Boosting the Social Impact of Innovative Cancer Research
Workshop 16-17 November 2018 | Cancer is one of the leading health problems worldwide. In the European Union (EU) alone, the number of new cancer patients will increase annually from 2,6 million in 2012 to 3,3 million in 2030. During the same period, the cancer deaths will increase from 1,28 million to 1,67 million. A major problem for the health care organisations is the increasing number of patients living with a cancer diagnosis, a rise of still higher magnitude. The epidemiological figures for the EU, however, are not unique, as the trends are somewhat similar all over the world. Altogether, this tendency implies that current strategies for research, care, and prevention need to be revisited to balance the increasing cancer burden.
During the last 15 years, the cancer community and policy makers have been trying to develop strategies to bridge the gap between basic/preclinical and clinical research. As a result of these continuous and coordinated efforts, a patient-centred European consortium for therapeutics – Cancer Core Europe – connecting six major European cancer centres, most of them Comprehensive Cancer Centres (CCCs), was established in 2014 using a bottom-up approach. The virtual cancer centre/infrastructure has recently become a legal structure & currently comprises seven centres having the critical mass of multidisciplinary expertise, resources, patients, and data that is necessary to innovate in cancer research. By relying on CCCs, institutions linking therapeutics and prevention with research and education and that link research with the healthcare system, the virtual centre can connect research with the health care systems in each Member State.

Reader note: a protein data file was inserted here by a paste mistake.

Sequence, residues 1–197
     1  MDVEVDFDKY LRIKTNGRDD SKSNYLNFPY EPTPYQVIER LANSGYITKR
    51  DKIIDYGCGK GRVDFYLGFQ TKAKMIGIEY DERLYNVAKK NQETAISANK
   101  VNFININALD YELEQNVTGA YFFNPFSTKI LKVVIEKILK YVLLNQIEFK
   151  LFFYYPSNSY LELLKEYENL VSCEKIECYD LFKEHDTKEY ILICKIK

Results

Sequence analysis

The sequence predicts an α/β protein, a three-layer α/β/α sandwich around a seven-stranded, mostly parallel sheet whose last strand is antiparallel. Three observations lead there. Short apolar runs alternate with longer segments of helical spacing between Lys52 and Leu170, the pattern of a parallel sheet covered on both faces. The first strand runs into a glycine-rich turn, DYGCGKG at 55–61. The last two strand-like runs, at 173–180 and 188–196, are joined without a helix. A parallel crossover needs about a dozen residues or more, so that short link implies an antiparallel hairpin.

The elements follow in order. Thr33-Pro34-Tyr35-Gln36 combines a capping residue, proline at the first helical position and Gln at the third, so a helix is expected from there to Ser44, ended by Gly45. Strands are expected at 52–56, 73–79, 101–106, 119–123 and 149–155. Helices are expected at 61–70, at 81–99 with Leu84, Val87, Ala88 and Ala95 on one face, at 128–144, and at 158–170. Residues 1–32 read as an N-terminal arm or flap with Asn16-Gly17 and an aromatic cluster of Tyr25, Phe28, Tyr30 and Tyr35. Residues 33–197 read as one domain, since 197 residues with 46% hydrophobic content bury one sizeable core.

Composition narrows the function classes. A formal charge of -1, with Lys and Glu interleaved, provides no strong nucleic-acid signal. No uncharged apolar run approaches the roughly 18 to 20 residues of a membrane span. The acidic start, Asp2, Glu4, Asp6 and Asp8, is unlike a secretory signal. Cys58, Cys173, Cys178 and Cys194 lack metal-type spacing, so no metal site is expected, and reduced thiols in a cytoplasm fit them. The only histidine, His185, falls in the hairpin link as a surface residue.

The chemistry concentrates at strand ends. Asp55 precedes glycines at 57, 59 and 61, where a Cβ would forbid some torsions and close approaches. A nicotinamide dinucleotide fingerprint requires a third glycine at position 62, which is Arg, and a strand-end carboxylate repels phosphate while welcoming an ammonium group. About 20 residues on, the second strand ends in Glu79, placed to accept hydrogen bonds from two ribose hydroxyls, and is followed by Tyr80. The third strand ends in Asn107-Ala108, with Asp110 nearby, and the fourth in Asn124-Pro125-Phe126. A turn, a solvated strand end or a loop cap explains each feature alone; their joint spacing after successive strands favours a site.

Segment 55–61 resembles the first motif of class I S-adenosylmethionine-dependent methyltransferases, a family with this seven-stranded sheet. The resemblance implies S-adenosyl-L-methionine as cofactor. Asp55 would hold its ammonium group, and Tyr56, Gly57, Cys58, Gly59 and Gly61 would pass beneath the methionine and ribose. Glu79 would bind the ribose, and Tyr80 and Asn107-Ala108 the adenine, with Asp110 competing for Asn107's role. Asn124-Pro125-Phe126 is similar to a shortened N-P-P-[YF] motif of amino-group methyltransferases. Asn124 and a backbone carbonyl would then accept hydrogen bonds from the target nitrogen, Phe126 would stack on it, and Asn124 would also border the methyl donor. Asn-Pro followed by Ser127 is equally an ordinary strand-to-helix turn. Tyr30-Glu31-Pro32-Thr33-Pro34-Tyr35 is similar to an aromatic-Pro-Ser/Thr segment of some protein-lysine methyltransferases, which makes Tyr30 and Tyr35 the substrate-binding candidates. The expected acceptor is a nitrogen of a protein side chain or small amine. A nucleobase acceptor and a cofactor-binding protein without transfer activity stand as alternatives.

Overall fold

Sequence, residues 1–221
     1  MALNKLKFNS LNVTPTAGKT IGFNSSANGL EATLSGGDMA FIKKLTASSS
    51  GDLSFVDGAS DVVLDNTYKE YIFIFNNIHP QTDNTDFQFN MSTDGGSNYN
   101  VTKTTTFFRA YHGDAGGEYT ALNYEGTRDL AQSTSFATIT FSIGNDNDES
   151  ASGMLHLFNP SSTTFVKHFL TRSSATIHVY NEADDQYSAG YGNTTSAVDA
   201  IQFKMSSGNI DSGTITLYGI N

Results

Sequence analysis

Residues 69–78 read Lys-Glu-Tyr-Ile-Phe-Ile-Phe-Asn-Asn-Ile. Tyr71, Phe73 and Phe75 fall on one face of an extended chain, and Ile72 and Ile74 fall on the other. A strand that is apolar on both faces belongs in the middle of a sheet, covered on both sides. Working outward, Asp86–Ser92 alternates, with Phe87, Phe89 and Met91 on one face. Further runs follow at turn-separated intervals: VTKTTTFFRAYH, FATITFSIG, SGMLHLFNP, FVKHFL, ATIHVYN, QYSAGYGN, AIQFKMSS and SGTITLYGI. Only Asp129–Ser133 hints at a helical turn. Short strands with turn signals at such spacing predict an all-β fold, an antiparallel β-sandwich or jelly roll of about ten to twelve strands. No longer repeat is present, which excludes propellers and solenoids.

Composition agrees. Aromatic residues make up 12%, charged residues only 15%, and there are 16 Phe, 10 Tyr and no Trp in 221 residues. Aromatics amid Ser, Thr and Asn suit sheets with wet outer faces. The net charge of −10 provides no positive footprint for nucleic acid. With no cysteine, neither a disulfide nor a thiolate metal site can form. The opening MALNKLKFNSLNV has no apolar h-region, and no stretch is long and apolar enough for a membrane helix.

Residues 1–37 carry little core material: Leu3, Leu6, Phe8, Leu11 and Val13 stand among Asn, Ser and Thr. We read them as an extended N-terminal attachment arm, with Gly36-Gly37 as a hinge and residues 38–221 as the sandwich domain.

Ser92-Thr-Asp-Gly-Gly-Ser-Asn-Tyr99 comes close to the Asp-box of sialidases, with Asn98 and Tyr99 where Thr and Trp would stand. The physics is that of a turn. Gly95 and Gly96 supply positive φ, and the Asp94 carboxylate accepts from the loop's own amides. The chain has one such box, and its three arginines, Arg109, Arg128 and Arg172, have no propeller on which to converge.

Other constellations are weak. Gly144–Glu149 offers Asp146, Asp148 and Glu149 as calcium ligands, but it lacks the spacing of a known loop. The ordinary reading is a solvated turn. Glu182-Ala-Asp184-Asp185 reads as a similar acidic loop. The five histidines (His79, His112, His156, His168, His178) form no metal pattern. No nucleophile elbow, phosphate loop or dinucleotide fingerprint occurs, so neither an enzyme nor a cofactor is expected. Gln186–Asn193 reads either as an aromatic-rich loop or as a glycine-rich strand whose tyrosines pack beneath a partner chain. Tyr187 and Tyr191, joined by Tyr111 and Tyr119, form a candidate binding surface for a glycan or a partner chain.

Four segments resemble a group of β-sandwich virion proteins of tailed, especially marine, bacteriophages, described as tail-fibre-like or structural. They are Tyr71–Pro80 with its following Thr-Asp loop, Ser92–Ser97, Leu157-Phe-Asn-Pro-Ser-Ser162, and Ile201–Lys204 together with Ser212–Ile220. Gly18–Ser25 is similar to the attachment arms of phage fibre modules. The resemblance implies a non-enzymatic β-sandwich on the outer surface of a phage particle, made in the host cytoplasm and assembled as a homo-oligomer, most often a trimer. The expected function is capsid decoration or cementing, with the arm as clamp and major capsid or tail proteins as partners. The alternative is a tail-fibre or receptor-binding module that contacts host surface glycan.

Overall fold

Cancer Core Europe has provided an exceptional example of how to build communities, stimulate collaboration, foster knowledge, and create societal and economic added value across Europe. Inspired by Cancer Core Europe, a similar consortium addressing cancer prevention – Cancer Prevention Europe – was established early in 2017. The alliance, which links nine European cancer research centres, aims at integrating the prevention research continuum to innovative within this area. Currently, Cancer Core Europe and Cancer Prevention Europe are in the process of integrating therapeutics and prevention strategies to address in partnership the increasing cancer problem. By offering innovative approaches for cancer research, links to the healthcare systems, development of quality-assured multidisciplinary cancer care, as well as the assessment of long-term outcomes, the infrastructure is expected to serve as a hub to connect with other centres across Europe as well as on other continents.
At present, innovation has become a political issue in Europe, and research, the engine that fuels innovation, is under scrutiny. Both politicians and decision makers would like to see research resulting in innovations, and the general opinion is that the research input is good, but the impact on society is disappointing. As a result, the Commissioner for Research, Science and Innovation Carlos Moedas following the recommendations of the Lamy report “Investing in the European future we want”, decided to move from a challenge-driven to a mission-oriented approach to tackle global challenges. This development prompted Julio E. Celis and Dainius Pavalkis – members of the RISE High-level Group that advice Commissioner Moedas – to propose a mission in cancer (A mission-oriented approach to cancer in Europe: a joint mission/vision 2030; http://onlinelibrary.wiley.com/doi/10.1002/1878-0261.12143/full) based on the activities and objectives of Cancer Core Europe and Cancer Prevention Europe. The mission stated that “by combining innovative prevention and treatment strategies in a sustainable state-of-the-art virtual European cancer centre/infrastructure, it will be possible by 2030 to achieve long-term survival of 3 out of 4 cancer patients in countries with well-developed healthcare systems. Furthermore, the concerted actions will pave the way to handling the economic and social inequalities in countries with less-developed systems”. The Cancer Mission was recently discussed at the first Gago Conference on European Science Policy that took place at the i3S in Porto, Portugal on February 14, 2018. Closing the Conference, Commissioner Carlos Moedas confirmed his strong support for a mission-oriented approach to cancer in Horizon Europe.
In addition to addressing implementation issues, the Conference will address the social impact of cancer research, as well as the engagement of other continents (Open to the World/Science Diplomacy).